Every year, one in five females and one in seven males engage in self-injury. These statistics show that this troubling phenomenon is a real and present danger in our society. As a parent, it’s important to learn how to notice the signs of depression and self-harm and also know how to handle the situation. Kids In The House interviewed psychologists to help you and your family cope with this situation.
Psychologist Wendy Lader explains that it can be really hard for parents to notice the signs of self-harm at first. Kids can become masters at hiding it. Dr. Lader encourages parents to look out for any lines or scars on his or her child’s arms or legs. “Also, sometimes kids have stashes with things that they can hurt themselves with and they will keep it in their bathroom or the bedroom,” she explains. “If you come across a razor or scissors in a strange place, you might want to wonder about that.” Another important sign is if you find bloody tissues in the trashcan. When you do start to notice these things, Dr. Lader says it’s important to talk to them right away rather than to ignore it and hope it goes away.
Self-harming can also be linked to childhood depression. Psychologist Alan Yellin explains that there are frequent signs a child will exhibit when they are suffering from depression. He explains that irritability, difficulty sleeping, low frustration tolerance, and a decrease in appetite are all signs your child may be depressed. “And the other thing that I look for in general is I try to assess the happiness levels of a child,” he says. “Does the child seem like a happy child? Do they get joy in watching a movie or going to a friend’s house, or do they just seem like they’re not a happy camper?” All of these things will give parents an indication of whether or not their child is depressed.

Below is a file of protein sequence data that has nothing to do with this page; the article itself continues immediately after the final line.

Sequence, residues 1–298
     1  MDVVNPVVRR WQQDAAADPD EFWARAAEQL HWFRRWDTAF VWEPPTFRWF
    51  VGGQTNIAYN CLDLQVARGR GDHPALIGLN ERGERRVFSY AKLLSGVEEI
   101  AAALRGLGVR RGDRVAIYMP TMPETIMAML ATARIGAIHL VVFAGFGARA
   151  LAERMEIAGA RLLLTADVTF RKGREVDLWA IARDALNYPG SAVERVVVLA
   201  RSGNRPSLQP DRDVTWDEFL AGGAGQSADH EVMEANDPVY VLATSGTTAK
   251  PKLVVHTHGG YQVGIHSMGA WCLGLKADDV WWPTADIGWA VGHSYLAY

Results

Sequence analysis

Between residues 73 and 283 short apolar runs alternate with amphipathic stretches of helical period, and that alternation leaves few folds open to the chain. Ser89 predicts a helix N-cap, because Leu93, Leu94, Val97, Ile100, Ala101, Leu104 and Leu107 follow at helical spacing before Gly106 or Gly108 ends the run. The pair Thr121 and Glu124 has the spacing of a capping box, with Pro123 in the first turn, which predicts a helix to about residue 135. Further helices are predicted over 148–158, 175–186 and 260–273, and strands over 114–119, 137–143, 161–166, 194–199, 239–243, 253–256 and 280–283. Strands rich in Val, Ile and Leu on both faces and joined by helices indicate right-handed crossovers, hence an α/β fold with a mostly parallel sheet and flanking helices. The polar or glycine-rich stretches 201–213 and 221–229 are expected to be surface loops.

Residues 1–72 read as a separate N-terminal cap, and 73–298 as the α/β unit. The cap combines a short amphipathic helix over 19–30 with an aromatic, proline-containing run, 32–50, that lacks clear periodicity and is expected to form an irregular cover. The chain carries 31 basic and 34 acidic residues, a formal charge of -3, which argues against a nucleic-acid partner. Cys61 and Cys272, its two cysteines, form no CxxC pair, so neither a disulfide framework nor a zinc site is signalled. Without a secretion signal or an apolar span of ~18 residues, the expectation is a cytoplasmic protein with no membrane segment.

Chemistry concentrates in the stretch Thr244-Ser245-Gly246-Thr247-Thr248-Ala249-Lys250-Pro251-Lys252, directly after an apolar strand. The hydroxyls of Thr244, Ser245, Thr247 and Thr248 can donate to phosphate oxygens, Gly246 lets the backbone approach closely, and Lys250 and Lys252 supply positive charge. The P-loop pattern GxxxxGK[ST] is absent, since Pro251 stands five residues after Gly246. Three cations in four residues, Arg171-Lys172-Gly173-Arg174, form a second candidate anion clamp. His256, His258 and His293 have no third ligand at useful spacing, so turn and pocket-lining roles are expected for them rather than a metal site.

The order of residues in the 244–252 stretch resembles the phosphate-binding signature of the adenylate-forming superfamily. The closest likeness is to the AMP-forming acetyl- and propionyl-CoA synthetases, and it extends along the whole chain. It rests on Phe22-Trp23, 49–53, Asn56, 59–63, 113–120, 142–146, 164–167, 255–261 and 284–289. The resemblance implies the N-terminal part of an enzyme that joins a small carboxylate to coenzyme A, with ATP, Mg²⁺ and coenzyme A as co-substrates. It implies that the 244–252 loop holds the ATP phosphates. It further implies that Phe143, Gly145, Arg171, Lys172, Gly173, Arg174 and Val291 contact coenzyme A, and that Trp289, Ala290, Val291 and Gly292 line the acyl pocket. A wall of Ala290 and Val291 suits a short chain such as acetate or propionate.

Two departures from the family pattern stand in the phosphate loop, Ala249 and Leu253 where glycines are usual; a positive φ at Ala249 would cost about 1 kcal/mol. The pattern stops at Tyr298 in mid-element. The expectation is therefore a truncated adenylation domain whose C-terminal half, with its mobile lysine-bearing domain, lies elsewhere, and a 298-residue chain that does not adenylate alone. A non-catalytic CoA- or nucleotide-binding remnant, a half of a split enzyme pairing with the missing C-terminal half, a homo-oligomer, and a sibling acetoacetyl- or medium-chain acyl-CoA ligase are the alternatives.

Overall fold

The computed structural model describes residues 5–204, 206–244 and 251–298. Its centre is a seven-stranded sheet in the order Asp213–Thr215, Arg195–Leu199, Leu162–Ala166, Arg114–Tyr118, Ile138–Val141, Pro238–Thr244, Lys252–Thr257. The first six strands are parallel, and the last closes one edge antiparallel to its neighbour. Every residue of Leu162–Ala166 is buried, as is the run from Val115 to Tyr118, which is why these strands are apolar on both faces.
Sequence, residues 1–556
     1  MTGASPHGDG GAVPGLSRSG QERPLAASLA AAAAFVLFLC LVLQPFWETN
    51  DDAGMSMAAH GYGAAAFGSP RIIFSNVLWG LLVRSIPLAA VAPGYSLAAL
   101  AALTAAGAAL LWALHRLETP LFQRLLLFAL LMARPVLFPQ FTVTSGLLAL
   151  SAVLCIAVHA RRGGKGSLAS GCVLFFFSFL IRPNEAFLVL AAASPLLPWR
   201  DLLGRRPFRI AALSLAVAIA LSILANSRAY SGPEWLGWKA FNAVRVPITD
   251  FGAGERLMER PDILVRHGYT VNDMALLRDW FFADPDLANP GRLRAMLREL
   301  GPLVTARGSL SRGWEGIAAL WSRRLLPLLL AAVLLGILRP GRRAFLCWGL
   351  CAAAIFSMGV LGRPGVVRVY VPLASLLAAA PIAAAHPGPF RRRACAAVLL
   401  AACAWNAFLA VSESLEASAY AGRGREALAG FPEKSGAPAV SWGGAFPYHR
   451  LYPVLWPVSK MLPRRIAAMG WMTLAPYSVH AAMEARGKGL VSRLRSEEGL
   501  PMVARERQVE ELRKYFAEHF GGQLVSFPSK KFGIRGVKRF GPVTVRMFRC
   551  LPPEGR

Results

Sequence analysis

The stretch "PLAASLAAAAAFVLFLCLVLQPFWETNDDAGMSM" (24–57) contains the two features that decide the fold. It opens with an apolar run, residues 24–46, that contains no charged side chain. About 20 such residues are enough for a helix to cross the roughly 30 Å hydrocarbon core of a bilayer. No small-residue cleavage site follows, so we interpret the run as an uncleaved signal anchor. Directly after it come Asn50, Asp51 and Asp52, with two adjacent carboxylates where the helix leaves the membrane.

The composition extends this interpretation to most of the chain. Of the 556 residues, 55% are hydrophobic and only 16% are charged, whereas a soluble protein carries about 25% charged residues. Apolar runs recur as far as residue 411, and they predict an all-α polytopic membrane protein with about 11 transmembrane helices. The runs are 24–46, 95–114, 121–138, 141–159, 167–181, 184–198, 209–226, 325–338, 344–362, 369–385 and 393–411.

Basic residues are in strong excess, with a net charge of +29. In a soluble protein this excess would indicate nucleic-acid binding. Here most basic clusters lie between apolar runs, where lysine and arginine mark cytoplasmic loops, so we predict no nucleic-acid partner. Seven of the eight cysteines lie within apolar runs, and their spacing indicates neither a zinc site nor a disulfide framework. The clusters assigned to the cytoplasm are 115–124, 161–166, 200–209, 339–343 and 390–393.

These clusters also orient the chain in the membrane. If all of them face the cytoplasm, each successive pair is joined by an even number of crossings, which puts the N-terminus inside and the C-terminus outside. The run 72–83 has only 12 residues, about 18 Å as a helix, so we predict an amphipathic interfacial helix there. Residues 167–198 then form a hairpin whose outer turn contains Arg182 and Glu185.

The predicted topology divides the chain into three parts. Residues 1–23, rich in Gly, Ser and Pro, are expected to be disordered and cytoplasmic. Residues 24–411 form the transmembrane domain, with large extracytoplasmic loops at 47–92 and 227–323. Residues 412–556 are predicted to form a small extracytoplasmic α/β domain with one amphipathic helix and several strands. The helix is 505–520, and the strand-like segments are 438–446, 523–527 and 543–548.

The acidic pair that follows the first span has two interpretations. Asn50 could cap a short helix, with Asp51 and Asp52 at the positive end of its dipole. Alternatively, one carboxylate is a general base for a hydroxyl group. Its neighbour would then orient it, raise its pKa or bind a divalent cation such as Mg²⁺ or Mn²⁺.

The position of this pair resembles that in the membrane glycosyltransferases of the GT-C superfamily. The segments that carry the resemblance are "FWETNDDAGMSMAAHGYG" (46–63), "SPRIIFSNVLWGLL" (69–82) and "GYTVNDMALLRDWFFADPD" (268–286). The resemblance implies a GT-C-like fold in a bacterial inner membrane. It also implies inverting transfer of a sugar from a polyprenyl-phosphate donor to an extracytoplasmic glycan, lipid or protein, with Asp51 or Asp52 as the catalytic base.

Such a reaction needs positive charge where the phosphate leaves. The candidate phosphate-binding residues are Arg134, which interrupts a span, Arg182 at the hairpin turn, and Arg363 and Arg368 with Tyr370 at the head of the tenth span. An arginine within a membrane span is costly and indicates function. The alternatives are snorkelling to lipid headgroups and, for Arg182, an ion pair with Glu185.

If you do think your child is depressed and self-harming, it is important to get them help. “If you suspect that your child is injuring, it’s important to get an assessment and some help,” says Lader. She encourages parents to get referrals of therapists from the child’s pediatrician. "Most children get better when they go to therapy," says Dr. Yellin. “I think there is something about giving them a safe place to come and talk about how they feel that once the child does that, they don't feel so lonely in their sadness and depression.” Dr. Yellin also explains that it may be important to consider whether or not your child is a candidate for medication. The topic of medication is important to discuss with a pediatrician or child psychologist. Lastly, no matter what it is important to continually reiterate to your child that you love and support them. They need to hear and feel that love constantly in order to help them get better.
Is your child self-harming and you still have questions? Join us tomorrow at 1:30pm PST for “The Truth About Depression & Self-Harm: What Every Parent Needs To Know” a Google Hangout hosted by Kids In The House. Psychologist Wendy Lader will be answering your questions live. Click here to RSVP and ask your questions.
Do you have questions you want to ask our experts?
Join us tomorrow at 1:30pm PST for “The Truth About Depression & Self-Harm: What Every Parent Needs To Know” a Google Hangout hosted by Kids In The House. Psychologist Wendy Lader will be answering your questions live. Start tweeting your questions with the hashtag #KITHangout!
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